Does anybody seriously doubt that the US military would vaporize the entire neighborhoods of any organized group trying to secede, much less trying to overthrow the government? Men, women, children and their parakeets would all go up in a pink mist.

War has become a bizarre thing these days. The US and other powerful nation-states have wisely stepped down from war with each other, but since we still have this Second Generation military lying around, we occupy ourselves with wars against other countries' executive branch members who happen to rub our executive branch members the wrong way.

The commenter above, Iraq war vet and Pentagon bureaucrat Professor Hale has a cogent summary, for anybody who thought we were still talking about upholding "international law" or "norms" or "standards" at this point:
1. Syria is a sovereign nation. That means they don’t answer to any higher authority. They can do whatever they want to their own people.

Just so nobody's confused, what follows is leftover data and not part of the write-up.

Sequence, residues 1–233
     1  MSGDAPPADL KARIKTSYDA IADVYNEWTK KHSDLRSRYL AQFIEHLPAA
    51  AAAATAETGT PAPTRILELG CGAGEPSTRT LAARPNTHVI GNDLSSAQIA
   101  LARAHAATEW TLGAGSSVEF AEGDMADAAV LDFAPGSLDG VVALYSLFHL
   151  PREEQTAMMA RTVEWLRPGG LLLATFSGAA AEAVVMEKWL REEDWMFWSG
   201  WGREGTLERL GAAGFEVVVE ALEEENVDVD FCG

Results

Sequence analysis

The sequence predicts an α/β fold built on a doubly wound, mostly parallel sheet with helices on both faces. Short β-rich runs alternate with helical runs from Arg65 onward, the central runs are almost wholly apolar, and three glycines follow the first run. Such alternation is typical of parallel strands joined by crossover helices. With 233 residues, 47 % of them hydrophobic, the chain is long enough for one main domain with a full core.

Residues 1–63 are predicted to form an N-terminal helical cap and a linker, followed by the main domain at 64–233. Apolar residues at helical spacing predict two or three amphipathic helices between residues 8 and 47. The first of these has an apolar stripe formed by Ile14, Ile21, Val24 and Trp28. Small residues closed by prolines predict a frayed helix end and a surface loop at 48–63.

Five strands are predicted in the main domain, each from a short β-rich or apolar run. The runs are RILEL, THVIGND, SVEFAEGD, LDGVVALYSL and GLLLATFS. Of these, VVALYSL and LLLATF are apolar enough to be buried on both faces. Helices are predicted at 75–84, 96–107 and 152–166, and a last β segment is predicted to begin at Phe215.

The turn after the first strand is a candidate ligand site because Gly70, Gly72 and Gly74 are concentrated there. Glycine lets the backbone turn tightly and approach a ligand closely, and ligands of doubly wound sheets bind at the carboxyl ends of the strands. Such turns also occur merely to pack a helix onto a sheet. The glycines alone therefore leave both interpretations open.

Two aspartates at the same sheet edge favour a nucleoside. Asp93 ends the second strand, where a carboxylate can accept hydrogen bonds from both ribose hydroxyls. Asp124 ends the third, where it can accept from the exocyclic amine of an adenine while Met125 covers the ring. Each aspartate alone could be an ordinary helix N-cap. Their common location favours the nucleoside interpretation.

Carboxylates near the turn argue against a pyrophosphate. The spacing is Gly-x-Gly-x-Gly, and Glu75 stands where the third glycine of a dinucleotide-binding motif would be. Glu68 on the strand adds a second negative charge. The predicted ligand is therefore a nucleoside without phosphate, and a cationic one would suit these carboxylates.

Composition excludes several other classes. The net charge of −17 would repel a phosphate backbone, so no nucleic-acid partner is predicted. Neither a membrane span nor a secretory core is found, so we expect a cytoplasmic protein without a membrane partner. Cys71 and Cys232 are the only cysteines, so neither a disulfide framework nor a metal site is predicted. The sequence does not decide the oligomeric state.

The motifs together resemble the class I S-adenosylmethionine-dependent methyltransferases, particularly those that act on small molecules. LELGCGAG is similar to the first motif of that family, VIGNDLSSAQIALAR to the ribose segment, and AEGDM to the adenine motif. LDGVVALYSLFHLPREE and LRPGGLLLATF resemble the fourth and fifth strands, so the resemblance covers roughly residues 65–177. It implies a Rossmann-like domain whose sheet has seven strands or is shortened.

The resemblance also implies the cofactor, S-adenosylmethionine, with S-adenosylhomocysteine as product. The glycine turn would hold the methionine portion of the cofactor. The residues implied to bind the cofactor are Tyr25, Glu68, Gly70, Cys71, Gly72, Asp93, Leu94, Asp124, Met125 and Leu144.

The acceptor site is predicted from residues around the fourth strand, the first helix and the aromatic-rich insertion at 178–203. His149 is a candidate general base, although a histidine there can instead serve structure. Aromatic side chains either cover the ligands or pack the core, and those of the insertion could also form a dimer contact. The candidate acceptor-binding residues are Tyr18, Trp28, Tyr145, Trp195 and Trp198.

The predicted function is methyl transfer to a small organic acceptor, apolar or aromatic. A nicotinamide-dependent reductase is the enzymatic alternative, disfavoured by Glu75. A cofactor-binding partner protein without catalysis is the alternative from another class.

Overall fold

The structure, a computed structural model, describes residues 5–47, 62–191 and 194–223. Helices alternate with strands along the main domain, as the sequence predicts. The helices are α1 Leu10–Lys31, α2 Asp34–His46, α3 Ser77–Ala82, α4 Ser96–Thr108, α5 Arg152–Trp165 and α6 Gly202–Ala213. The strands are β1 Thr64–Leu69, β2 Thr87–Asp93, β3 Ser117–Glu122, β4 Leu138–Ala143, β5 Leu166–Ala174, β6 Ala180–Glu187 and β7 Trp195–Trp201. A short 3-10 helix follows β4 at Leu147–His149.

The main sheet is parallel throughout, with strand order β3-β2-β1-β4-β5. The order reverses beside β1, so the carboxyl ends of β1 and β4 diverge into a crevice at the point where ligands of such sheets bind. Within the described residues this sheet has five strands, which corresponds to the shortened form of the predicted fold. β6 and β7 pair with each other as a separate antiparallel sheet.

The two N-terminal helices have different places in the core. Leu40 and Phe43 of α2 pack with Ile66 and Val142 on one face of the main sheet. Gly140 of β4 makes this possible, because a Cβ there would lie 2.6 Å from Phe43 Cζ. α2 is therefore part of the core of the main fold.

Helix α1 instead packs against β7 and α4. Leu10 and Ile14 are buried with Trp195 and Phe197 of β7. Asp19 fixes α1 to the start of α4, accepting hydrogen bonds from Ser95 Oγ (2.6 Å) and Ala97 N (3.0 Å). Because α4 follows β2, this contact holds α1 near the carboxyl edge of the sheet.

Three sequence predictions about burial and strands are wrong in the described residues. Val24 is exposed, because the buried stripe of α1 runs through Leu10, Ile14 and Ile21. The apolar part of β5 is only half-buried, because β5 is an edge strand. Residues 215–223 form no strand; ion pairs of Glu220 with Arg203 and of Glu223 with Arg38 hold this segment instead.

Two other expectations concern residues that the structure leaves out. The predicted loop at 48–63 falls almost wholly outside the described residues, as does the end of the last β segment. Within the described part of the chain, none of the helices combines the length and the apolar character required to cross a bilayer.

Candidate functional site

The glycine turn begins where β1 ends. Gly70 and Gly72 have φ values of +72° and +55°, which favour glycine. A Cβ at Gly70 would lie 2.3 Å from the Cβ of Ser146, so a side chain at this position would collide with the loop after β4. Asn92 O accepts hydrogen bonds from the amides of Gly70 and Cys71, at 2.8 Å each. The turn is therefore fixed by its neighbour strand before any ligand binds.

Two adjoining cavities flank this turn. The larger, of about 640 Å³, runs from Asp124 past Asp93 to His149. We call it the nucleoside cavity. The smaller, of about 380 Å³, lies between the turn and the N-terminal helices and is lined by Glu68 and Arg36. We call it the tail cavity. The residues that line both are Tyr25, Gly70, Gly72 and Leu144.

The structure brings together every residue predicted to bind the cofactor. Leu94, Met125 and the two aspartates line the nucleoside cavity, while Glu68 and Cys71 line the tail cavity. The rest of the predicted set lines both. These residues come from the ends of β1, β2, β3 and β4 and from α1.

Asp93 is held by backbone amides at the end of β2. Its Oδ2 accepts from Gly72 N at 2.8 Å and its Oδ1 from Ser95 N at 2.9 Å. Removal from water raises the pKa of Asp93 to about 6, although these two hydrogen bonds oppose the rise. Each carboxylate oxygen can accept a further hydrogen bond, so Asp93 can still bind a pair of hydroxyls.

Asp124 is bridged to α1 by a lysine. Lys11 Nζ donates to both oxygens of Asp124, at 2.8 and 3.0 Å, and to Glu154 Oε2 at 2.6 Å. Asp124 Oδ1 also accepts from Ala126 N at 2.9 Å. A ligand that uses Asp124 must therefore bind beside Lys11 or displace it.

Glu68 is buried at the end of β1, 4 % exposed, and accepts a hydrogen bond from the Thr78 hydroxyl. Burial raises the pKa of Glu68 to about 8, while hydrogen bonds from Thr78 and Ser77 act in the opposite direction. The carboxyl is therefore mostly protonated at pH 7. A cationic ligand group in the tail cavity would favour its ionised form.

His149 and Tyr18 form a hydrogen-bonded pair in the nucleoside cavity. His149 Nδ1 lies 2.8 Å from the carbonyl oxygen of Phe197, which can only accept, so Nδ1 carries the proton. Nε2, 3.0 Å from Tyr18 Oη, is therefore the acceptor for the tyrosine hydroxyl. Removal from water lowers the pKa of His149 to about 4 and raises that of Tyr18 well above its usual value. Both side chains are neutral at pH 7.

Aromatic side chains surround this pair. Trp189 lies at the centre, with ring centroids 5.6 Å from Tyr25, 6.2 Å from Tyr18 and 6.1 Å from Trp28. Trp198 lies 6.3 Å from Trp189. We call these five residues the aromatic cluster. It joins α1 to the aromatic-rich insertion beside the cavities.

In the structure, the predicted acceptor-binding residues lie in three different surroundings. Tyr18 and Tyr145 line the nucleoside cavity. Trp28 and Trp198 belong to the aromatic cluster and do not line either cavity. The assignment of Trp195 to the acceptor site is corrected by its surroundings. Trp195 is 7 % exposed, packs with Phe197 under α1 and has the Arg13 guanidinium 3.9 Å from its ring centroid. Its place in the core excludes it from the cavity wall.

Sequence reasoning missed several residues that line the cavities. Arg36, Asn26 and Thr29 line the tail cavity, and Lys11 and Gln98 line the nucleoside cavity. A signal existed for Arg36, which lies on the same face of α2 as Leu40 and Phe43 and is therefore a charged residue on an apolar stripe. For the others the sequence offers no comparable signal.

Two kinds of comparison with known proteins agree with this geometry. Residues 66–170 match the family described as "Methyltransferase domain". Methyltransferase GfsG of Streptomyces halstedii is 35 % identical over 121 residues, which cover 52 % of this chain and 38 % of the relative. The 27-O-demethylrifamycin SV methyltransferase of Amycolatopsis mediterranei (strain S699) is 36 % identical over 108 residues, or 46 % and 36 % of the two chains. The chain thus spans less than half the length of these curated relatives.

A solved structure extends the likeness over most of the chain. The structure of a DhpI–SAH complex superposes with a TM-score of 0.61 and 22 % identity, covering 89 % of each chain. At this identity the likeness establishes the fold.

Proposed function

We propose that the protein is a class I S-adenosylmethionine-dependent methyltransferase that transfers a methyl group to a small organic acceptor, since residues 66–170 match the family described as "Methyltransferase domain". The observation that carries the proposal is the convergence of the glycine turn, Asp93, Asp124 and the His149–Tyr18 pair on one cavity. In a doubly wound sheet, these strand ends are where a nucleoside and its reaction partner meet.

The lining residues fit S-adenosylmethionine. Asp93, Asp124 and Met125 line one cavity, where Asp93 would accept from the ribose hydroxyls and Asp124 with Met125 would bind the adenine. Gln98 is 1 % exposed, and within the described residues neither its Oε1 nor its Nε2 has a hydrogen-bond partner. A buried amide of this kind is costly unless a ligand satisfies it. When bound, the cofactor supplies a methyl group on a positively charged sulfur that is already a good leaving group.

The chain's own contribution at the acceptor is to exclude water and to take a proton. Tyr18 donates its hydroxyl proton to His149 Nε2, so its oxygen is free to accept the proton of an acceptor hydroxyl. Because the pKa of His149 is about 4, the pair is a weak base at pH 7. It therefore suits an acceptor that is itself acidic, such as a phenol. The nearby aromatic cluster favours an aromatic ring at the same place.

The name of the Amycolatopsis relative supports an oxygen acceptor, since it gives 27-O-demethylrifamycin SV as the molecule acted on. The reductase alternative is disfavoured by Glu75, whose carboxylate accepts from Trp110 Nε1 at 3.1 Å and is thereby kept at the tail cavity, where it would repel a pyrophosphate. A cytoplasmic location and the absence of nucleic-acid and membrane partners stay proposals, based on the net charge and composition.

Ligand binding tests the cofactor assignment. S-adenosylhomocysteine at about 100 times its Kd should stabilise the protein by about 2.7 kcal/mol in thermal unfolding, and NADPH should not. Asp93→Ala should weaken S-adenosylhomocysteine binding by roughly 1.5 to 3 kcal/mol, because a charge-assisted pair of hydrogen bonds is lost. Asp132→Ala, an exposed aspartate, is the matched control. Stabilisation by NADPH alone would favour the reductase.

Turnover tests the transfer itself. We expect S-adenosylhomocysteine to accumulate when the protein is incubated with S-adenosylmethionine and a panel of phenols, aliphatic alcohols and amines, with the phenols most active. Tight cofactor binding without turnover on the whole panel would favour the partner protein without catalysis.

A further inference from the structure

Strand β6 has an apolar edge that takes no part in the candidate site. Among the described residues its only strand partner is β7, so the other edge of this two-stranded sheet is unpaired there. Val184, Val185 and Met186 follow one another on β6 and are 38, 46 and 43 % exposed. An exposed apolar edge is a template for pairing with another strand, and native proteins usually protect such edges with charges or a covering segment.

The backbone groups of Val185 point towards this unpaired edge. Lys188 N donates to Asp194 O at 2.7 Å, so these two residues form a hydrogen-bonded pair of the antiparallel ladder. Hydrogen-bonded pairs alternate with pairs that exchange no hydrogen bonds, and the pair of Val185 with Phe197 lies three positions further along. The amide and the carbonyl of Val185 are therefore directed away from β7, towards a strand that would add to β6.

2. The UN is not a higher authority. Syria doesn’t need their permission to gas their own people. We don’t need the UN to approve us bombing them anyway. The UN has no authority over anyone.

3. The Geneva and Hague Conventions are “agreements”, not LAWS. They cannot be enforced because there is no higher authority that can enforce them. Thus, any nation is free to violate them anytime it wishes, any way it wishes and there is not a damn thing anyone can do about it other than using force to make them stop. And we could have done that anyway. So, there is no “law” against using chemical weapons. Just an agreement to not use them in war. Despite having that agreement, most of the civilized nations of the world maintained their own stockpiles of them. We certainly did. We finally got rid of them because they stopped being useful to US.

4. We don’t know with certainty that chemical weapons were used, or if they were, who did the using. It is very common for Islamic forces to murder their own people to gain a political advantage...

There is no legal basis for war against Syria. If President Cornball nevertheless insists that blowing up Syrians is still on the table, then he needs to show how this would advance the interests of the American people. Of course, for the Left this is the very thing that augurs in favor--a truly just war, justified by its very selflessness! It won't advance a single American interest!